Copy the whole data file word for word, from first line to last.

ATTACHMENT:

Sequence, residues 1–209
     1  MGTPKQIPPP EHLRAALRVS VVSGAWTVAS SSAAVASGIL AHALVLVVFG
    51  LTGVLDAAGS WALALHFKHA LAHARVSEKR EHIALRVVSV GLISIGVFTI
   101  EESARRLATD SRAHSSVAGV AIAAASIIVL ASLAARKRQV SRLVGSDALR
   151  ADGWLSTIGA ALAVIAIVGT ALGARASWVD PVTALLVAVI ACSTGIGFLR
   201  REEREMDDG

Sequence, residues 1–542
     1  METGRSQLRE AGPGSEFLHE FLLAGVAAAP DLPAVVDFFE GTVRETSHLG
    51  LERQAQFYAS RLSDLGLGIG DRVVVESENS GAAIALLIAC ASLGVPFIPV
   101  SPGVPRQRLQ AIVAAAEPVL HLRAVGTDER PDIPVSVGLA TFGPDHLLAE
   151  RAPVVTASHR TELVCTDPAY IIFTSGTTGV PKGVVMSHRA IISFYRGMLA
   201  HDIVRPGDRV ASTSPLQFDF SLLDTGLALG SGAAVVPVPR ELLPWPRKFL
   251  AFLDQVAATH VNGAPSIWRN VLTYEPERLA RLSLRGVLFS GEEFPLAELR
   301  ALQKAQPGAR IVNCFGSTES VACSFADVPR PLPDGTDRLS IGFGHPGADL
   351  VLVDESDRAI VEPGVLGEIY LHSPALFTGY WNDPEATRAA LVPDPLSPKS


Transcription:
Sequence, residues 1–209
     1  MGTPKQIPPP EHLRAALRVS VVSGAWTVAS SSAAVASGIL AHALVLVVFG
    51  LTGVLDAAGS WALALHFKHA LAHARVSEKR EHIALRVVSV GLISIGVFTI
   101  EESARRLATD SRAHSSVAGV AIAAASIIVL ASLAARKRQV SRLVGSDALR
   151  ADGWLSTIGA ALAVIAIVGT ALGARASWVD PVTALLVAVI ACSTGIGFLR
   201  REEREMDDG

Sequence, residues 1–542
     1  METGRSQLRE AGPGSEFLHE FLLAGVAAAP DLPAVVDFFE GTVRETSHLG
    51  LERQAQFYAS RLSDLGLGIG DRVVVESENS GAAIALLIAC ASLGVPFIPV
   101  SPGVPRQRLQ AIVAAAEPVL HLRAVGTDER PDIPVSVGLA TFGPDHLLAE
   151  RAPVVTASHR TELVCTDPAY IIFTSGTTGV PKGVVMSHRA IISFYRGMLA
   201  HDIVRPGDRV ASTSPLQFDF SLLDTGLALG SGAAVVPVPR ELLPWPRKFL
   251  AFLDQVAATH VNGAPSIWRN VLTYEPERLA RLSLRGVLFS GEEFPLAELR
   301  ALQKAQPGAR IVNCFGSTES VACSFADVPR PLPDGTDRLS IGFGHPGADL
   351  VLVDESDRAI VEPGVLGEIY LHSPALFTGY WNDPEATRAA LVPDPLSPKS